Illustration: Sarah Grillo/Axios

Venezuelan President Nicolas Maduro won a sham election last year after deposing or intimidating his legitimate challengers. He begins his second six-year term Thursday, much to the chagrin of 85% of Venezuelans, international humanitarian aid organizations and most of the world's leaders.

Why it matters: While many nebulously blame "socialism" for Venezuela's dire condition, the truth is that the country's problems are a result of corruption and wide-ranging economic incompetence from Maduro's government. And humanitarian crisis aside, Venezuela owes international creditors an estimated $150 billion.

Here's a short list of problems Maduro will face in his second term, most of his own creation:

  • Annual inflation is estimated to be 1,400,000% and forecast to rise to 10,000,000% by year-end.
  • The country's 90% poverty rate.
  • Citizens lost an average of 24 pounds last year because the government can't import food or medicine.
  • Four of the world's 10 most dangerous cities are in Venezuela.
  • The homicide rate has risen to 90 per 100,000 (for reference, the United States has a homicide rate of 5 per 100,000) and 73 Venezuelans die violently every day.
  • 3 million people, nearly 10% of the population, have left the country, with the outflow of citizens increasing annually.
  • The democratically elected and opposition-led National Assembly is seeking to unseat Maduro after he effectively replaced them with a "Constituent Assembly" made up of family members and loyalists.
  • His presidency is being called illegitimate by 14 Latin American countries as party to the Lima Group — including Argentina, Brazil, Canada, Colombia, and Peru.
  • Oil production has fallen to its lowest in nearly 70 years, with more of what's produced going to China, Russia and Cuba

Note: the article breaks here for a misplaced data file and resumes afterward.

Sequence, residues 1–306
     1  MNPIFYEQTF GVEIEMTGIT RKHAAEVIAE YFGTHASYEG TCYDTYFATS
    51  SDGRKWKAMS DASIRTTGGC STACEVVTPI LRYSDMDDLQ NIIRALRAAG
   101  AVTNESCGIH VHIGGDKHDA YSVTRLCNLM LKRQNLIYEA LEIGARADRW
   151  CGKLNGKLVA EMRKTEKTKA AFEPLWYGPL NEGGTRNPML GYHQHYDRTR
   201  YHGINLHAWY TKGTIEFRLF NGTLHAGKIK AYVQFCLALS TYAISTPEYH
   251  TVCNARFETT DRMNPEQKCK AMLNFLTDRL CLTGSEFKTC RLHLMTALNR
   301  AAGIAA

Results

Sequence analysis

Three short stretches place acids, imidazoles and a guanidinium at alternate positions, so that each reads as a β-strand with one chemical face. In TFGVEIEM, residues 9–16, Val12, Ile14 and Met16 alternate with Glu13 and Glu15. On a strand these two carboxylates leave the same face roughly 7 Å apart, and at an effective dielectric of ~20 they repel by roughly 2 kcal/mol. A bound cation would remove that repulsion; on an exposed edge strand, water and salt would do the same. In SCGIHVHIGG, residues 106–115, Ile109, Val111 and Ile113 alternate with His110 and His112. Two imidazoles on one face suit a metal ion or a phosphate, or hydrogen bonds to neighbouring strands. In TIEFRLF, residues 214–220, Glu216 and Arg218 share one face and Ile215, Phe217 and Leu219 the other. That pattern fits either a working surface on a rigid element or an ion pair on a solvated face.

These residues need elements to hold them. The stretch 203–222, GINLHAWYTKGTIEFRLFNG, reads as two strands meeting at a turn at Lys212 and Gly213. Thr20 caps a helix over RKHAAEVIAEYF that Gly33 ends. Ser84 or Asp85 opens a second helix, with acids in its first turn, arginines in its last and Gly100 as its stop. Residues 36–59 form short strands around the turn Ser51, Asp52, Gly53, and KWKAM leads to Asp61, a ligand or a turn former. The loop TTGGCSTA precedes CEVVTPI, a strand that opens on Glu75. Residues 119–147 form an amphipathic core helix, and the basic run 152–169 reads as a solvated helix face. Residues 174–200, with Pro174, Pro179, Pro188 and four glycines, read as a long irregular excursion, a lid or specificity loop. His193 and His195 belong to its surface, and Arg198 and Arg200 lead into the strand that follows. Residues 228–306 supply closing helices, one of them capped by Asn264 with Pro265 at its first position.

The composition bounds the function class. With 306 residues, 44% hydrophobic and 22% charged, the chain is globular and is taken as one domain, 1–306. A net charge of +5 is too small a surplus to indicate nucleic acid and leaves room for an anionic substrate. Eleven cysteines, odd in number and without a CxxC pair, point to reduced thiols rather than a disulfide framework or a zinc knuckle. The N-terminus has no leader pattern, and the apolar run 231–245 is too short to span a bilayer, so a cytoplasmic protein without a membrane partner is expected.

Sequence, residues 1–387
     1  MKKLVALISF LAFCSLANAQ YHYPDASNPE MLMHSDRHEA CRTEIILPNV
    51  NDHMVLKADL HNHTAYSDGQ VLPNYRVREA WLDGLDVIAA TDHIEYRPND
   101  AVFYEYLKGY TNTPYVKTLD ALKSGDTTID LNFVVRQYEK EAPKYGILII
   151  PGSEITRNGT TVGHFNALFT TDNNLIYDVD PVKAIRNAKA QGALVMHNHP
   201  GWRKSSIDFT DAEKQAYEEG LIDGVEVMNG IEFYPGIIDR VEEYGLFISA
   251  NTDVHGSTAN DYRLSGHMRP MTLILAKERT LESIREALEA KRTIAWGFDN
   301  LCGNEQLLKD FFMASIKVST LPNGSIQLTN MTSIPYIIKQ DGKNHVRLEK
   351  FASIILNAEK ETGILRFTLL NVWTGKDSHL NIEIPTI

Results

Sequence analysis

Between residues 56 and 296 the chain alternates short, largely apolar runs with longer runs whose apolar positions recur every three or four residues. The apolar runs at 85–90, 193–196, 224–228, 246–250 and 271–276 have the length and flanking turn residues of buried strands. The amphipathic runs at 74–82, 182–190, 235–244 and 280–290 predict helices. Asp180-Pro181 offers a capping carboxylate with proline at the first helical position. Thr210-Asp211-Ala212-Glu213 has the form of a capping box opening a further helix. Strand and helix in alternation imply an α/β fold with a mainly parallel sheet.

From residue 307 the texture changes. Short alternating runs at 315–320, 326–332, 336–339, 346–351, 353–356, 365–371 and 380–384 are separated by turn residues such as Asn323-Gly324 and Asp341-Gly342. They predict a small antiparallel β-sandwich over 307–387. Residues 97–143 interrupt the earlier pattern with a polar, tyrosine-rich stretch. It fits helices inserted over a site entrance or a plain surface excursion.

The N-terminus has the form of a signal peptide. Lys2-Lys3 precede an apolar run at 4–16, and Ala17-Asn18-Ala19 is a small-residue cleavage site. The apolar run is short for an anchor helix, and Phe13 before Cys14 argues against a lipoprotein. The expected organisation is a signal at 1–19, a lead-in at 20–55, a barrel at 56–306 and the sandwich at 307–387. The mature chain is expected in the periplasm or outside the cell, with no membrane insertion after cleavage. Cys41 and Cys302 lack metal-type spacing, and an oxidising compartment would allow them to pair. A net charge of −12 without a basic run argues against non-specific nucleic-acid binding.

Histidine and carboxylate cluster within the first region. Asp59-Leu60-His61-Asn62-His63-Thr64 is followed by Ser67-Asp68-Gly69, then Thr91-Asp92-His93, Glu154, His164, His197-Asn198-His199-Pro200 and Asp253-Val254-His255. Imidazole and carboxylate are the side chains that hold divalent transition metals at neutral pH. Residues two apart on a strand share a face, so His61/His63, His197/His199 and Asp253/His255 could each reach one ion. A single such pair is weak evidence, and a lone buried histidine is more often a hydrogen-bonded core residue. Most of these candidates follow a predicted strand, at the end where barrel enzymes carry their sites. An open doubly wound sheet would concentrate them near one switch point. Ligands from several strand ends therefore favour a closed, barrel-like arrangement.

• Possible further sanctions and an oil embargo from the administration of U.S. President Donald Trump, which has already targeted various companies and members of Maduro's government, including his wife and vice president.

Go deeper: It's nearly impossible to afford a cup of coffee in Venezuela

Go deeper

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Texas and Louisiana face fresh flood threat from Tropical Storm Beta

Tropical Storm Beta slowly approaching the Texas coast on Monday. Photo: National Weather Service/Twitter

Tropical Storm Beta was dumping heavy rains over Texas as it churned its way inland overnight, bringing the risk of "life-threatening storm surge" and flooding to parts of the state and Louisiana, the National Hurricane Center said.

What's happening: The slow-moving storm was causing coastal flooding along areas including the bays near Houston and Galveston in Texas Monday, per the National Weather Service. Texas Gov. Greg Abbott (R) made a disaster declaration and Louisiana Gov. John Bel Edwards (D) declared a state of emergency Monday.

Updated 2 hours ago - Politics & Policy

Coronavirus dashboard

Illustration: Sarah Grillo/Axios

  1. Global: Total confirmed cases as of 3 a.m. ET: 31,328,238 — Total deaths: 964,839— Total recoveries: 21,503,496Map.
  2. U.S.: Total confirmed cases as of 3 a.m. ET: 6,857,967 — Total deaths: 199,884 — Total recoveries: 2,615,949 — Total tests: 95,841,281Map.
  3. Health: CDC says it mistakenly published guidance about COVID-19 spreading through air.
  4. Media: Conservative blogger who spread COVID-19 misinformation worked for Fauci's agency.
  5. Politics: House Democrats file legislation to fund government through Dec. 11.
  6. World: U.K. upgrades COVID alert level as Europe sees worrying rise in infections — "The Wake-Up Call" warns the West about the consequences of mishandling a pandemic.

Louisville police declare state of emergency as Breonna Taylor decision looms

A demonstrator holds up a sign of Breonna Taylor during a protest in Louisville, Kentucky. Photo: Brandon Bell/Getty Images

The Louisville police chief declared in a memo obtained by news outlets a "state of emergency" for the department on Monday to prepare for Kentucky Attorney General Daniel Cameron's expected announcement on the Breonna Taylor case.

Of note: Louisville has witnessed more than 115 days of protests over the police killing of Taylor, an unarmed Black woman, with calls for all the officers involved to be charged.

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